It is found that the average woman ingests up to four pounds of lip products over a lifetime. Wow, that’s a lot! So, avoid using such products on your lips or around your mouth, specifically dental products. For the more sensitive ones, gluten on the skin can even cause irritation. Along with allergies; breakouts are a common problem for those who have some form of gluten sensitivity.

Some people develop a form of celiac disease called dermatitis herpetiformis (DH), which causes an itchy, blistering rash. But although it is a topical condition, doctors confirm that DH is caused by ingesting gluten, not by skin contact with gluten.

There is no clinical evidence saying that cosmetics containing gluten and when applied topically can penetrate through the skin and pass into the bloodstream inducing gluten sensitivity; gluten is a big molecule that has to penetrate through the thick skin. Also, the low gluten percentage of some ingredients in cosmetic products are not high enough to induce a reaction. Even though science is telling us that the molecule is too big, people are still having reactions to products containing gluten. In short, if you are allergic to gluten it is best to read the ingredients list on all of your cosmetics and skincare products — and, don’t forget to do a little research, too!

-  Upasana Sahu, cosmetic chemist

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3 thoughts on “Review: Gluten-Free Ingredients In Cosmetics And Beauty Products: For Those With Celiacs Disease Or Sensitivity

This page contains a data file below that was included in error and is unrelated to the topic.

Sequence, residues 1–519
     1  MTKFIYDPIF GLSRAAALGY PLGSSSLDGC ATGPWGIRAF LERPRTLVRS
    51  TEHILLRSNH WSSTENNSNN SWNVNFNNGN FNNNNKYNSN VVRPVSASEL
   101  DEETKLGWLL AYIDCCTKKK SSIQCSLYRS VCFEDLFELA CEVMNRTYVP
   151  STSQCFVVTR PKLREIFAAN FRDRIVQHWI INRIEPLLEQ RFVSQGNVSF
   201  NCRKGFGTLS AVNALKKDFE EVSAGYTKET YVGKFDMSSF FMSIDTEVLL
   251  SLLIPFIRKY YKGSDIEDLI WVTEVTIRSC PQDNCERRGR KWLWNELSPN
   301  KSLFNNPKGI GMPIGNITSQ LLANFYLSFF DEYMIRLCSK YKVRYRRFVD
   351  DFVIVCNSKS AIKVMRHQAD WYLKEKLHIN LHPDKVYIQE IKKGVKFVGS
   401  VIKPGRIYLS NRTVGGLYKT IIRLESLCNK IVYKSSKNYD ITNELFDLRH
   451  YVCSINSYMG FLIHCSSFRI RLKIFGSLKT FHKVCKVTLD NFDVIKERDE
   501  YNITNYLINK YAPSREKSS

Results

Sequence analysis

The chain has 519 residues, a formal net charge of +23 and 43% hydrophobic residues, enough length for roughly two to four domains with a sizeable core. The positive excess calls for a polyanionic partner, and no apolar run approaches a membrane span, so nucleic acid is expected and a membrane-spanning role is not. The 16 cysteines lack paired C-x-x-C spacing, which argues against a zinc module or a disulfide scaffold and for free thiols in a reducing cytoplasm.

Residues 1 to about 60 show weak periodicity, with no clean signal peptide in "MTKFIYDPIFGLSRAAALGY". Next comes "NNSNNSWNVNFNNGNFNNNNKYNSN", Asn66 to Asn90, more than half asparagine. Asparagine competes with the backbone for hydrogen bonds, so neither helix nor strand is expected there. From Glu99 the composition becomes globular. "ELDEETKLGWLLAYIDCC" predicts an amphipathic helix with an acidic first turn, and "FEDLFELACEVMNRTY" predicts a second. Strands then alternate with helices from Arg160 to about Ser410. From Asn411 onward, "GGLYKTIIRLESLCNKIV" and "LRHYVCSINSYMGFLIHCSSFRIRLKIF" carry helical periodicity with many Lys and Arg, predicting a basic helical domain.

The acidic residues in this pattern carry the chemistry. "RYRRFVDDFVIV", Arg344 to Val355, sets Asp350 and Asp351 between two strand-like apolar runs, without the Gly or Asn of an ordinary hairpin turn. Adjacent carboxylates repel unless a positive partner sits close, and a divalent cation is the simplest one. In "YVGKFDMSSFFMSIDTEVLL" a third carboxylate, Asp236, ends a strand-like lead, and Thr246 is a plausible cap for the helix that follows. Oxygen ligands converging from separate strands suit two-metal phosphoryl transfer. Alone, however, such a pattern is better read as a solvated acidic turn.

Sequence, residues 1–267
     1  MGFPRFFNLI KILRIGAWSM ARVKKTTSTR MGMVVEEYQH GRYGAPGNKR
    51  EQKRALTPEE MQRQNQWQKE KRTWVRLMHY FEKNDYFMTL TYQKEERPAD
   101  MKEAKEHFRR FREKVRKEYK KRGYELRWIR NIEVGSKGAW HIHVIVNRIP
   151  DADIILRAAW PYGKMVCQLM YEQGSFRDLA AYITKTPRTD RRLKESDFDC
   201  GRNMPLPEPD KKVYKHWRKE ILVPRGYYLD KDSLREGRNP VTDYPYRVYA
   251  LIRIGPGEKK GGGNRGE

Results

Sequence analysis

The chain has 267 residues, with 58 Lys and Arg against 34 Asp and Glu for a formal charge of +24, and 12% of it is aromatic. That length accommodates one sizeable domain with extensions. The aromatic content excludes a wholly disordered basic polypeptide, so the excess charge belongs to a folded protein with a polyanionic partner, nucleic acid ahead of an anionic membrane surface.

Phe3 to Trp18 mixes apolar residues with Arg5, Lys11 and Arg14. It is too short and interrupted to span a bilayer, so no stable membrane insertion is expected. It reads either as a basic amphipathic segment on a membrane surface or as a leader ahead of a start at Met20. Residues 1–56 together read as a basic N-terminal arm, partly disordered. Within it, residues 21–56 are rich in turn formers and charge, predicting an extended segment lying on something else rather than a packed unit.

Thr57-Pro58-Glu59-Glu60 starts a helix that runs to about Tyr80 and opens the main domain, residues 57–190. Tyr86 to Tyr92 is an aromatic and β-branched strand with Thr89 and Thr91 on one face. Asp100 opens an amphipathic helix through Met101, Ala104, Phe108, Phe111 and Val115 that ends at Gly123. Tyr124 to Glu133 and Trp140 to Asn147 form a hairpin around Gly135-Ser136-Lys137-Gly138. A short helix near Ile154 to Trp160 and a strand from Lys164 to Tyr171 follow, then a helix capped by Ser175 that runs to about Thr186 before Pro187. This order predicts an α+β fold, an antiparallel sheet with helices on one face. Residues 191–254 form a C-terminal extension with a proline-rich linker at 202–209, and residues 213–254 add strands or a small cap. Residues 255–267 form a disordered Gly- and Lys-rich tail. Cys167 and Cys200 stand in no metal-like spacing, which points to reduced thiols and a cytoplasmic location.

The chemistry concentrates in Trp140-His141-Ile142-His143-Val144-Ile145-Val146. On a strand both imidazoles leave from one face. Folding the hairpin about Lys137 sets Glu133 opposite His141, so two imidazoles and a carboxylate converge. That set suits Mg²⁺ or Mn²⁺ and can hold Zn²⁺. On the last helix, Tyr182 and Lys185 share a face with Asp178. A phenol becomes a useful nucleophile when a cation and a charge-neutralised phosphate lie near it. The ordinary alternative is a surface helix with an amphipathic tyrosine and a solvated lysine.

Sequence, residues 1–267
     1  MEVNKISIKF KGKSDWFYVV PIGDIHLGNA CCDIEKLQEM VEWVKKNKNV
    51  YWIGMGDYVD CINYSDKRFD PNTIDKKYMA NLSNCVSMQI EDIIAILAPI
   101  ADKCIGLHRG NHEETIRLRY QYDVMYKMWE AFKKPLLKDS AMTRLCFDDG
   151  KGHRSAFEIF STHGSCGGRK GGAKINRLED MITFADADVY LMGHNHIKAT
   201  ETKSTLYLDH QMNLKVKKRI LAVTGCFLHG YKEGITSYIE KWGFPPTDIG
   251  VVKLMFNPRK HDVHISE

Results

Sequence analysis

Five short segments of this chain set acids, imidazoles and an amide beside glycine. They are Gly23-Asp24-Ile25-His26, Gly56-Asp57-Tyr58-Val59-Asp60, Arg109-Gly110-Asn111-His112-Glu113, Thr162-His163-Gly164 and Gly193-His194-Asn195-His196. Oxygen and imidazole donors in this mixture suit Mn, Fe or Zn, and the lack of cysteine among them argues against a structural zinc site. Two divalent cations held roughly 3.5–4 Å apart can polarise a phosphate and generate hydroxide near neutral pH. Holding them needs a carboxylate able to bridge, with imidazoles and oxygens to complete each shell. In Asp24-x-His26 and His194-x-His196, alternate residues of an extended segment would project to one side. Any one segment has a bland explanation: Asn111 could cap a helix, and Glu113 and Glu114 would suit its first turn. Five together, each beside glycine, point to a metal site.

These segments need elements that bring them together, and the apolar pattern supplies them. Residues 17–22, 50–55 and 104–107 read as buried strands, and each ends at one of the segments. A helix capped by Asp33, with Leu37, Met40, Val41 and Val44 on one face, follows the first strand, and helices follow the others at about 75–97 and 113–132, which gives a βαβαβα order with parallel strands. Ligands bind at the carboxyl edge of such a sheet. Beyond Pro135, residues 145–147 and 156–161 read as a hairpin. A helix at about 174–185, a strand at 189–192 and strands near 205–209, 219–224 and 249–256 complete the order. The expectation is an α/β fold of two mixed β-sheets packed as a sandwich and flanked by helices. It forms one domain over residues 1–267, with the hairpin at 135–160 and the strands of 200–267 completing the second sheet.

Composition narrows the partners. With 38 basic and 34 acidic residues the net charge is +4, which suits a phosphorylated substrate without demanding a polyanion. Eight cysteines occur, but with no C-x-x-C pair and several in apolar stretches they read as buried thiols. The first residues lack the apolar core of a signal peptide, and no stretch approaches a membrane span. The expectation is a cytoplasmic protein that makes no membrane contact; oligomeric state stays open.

1. maribel

    I am glad that some cosmetic companies are trying to expand their options for different type of products for different issues. Everyone women deserves to be beautiful but when you have allergies that prevent you from finding the right makeup than thats disappointing. Thanks

  2. Susan

    Skin 2 Skin is also gluten free. I learned from my Doctor that Gluten Sensitivity and intolerance are the precursor to Celiac disease. They are very similar not different according to the doctors I had to see. They only reason not to use products with wheat, barley, and rye products is that you might accidentally ingest something. Especially in lip products. But I’ve found that almost all products in high end lines like Lancome (absolu Bt), Murad, Bobbie Brown, and natural lines like Burt’s all have some type of wheat or barley in them. Wheat germ is a big one. I used to break out in a terrible rash whenever I had wheat germ. My legs would itch like crazy. But I had to stop using some of my favorite products and I’ve been trying to find new ones. Quite a few companies don’t even list the ingredients on their products. So for those of us that have to be careful it’s difficult. I’ve had some lovely sales people in the department stores pull out their books and go over each product before I buy it to find out if it’s wheat free. What a procedure! It’s great that companies are now advertizing it. Thank you for doing an article on it.

  3. la martina polos

    I just bookmarked your site so that I can read more of your post next time. Keep up the good work and keep on information us about new things.